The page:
Roflumilast-loaded albumin nanoparticles for pulmonary drug delivery

Ivana Stolfa


Pulmonary drug delivery is a useful route of administration for local and systemic therapy. The aim of this work was to develop a sustained formulation for roflumilast. A human serum albumin (HSA)-based nanoparticle formulation was manufactured using a desolvation method. The drug carrier particles were spherical with diameter 130 – 160 nm and zeta potential of – 20 mV when suspended in PBS. The encapsulation efficiency was approximately 20%, and the nanoparticle formulation contained between 4 – 7.7 µg of encapsulated roflumilast per mg of albumin. In order to investigate the effect of proteolytic activity on the degradation of the carrier particles, a trypsin containing dissolution medium with a protease concentration of 0.1 mg/mL was used.  The nanoparticle count rate was found to undergo rapid reduction with 42.7 ± 10.0% intact nanoparticles left within the first 10 minutes of exposure reducing further to ~ 86% reduction in count rate after 40 minutes. The release of the drug was also evaluated, and the release reaches almost 80% by 48 hours. For delivery to the lungs, the nanoparticle suspension was spray-dried with mannitol and the result produce a mannitol-roflumilast microparticle system with a geometric size of ca. 4 µm.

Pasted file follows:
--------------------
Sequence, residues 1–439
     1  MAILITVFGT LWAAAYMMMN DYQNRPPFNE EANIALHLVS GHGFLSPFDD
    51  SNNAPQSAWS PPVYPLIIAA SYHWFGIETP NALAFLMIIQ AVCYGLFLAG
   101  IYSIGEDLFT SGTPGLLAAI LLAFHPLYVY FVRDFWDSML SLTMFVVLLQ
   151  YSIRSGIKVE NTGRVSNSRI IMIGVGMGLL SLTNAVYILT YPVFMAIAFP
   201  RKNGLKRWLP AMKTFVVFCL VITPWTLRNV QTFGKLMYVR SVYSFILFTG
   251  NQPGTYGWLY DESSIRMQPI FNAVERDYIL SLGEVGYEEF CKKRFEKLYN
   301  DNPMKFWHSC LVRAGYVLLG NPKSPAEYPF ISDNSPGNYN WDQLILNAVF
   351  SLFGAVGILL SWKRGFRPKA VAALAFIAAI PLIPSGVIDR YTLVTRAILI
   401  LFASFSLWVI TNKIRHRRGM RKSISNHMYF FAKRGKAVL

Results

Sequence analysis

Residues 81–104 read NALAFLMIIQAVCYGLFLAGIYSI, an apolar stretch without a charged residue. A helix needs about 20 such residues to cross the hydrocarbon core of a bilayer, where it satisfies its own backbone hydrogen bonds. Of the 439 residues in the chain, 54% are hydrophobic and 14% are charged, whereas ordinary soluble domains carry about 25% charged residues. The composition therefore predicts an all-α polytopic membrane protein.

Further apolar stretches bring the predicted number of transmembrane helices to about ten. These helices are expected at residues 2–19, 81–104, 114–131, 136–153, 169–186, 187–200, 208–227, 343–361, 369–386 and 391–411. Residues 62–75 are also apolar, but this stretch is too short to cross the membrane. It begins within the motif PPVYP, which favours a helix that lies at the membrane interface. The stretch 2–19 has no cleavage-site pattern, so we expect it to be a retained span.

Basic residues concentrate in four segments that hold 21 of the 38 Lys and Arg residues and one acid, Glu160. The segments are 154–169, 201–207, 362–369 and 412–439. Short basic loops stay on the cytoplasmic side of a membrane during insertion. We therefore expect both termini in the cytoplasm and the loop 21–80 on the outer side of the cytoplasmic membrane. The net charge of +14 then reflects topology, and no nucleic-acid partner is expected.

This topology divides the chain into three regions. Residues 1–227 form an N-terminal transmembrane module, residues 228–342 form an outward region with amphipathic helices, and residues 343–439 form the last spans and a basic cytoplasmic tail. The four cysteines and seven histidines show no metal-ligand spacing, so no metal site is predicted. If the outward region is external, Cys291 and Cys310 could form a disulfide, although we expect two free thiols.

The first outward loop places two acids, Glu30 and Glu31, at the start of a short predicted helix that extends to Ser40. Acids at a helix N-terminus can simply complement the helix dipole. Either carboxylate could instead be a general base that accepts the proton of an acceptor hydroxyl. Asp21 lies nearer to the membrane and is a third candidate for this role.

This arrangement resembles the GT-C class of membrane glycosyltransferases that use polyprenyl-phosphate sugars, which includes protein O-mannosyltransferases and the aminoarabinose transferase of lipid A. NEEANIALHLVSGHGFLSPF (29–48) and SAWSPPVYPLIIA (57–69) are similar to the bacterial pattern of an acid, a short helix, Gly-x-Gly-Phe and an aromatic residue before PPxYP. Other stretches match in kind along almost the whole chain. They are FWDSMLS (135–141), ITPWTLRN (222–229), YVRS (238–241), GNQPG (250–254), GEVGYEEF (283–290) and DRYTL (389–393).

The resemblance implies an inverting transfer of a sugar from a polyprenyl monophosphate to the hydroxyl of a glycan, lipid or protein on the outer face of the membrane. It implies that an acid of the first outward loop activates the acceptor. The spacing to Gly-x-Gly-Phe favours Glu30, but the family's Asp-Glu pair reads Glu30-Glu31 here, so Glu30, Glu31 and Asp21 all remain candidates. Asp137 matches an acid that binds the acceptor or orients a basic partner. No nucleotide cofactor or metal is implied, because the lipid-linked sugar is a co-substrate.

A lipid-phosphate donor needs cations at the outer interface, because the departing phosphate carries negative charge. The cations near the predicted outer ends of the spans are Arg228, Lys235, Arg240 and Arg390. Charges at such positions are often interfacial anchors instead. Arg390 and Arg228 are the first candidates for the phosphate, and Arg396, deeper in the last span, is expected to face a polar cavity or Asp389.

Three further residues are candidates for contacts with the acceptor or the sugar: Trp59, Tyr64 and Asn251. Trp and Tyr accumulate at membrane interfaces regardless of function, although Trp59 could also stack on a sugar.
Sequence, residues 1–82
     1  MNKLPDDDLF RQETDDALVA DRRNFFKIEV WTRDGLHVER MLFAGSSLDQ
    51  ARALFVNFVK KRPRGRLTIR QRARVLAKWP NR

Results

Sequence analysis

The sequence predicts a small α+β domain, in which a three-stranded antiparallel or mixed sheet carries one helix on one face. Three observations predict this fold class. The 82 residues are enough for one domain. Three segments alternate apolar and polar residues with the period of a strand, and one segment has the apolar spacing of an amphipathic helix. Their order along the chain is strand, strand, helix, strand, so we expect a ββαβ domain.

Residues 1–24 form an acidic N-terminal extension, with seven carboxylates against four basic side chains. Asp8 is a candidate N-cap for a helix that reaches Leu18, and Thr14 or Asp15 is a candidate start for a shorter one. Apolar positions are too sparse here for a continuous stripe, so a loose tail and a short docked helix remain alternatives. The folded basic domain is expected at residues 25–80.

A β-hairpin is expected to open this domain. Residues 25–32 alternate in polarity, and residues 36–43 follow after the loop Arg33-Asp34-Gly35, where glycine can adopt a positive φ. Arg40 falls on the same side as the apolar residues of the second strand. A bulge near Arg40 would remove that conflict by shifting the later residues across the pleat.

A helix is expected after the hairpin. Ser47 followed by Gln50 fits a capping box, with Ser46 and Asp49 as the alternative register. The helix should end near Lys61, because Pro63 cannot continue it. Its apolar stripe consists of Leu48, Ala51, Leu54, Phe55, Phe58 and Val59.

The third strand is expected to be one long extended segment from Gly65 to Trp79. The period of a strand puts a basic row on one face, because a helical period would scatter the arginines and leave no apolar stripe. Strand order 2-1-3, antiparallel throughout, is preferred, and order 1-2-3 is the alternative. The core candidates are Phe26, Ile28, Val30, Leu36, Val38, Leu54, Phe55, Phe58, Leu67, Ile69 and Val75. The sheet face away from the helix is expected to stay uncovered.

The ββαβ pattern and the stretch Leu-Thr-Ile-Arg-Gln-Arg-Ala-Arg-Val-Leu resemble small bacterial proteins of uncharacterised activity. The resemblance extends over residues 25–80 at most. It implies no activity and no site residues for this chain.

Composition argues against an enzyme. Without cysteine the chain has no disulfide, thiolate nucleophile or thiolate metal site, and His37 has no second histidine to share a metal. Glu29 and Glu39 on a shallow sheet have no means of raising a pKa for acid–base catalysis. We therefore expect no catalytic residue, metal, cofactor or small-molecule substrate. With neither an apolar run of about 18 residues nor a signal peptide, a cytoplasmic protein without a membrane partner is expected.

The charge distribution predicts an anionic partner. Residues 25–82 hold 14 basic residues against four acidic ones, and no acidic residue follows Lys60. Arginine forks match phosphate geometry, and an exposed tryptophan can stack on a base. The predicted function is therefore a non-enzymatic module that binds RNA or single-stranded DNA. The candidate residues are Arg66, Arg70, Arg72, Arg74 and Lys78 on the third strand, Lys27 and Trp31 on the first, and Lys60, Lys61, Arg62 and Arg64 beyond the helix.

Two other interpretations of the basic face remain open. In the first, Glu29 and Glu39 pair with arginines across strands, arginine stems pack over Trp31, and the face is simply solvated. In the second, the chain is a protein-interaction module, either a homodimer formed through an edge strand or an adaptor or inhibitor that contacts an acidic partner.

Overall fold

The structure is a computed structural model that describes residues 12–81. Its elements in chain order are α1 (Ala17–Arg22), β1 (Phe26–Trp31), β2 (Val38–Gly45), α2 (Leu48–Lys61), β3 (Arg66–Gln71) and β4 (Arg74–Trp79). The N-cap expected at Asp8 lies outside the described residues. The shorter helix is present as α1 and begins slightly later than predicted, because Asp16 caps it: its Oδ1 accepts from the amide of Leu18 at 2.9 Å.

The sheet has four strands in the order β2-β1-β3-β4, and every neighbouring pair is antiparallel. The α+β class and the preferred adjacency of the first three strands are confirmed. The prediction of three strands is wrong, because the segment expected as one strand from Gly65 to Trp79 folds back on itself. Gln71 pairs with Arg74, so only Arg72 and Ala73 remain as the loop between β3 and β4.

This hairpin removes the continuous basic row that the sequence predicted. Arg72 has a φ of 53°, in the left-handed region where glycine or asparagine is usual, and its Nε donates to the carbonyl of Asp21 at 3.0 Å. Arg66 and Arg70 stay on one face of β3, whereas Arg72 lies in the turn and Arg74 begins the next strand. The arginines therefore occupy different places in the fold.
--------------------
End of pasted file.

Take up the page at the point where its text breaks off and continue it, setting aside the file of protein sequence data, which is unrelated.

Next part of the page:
Key Message

The drug roflumilast can be loaded into an albumin-based system and manufactured as microparticles using spray-drying. Administration using the pulmonary route is anticipated to reduce the dose and spare extra-pulmonary exposure, in particular avoiding the gastrointestinal side effects associated with the 500 µg tablet formulation.

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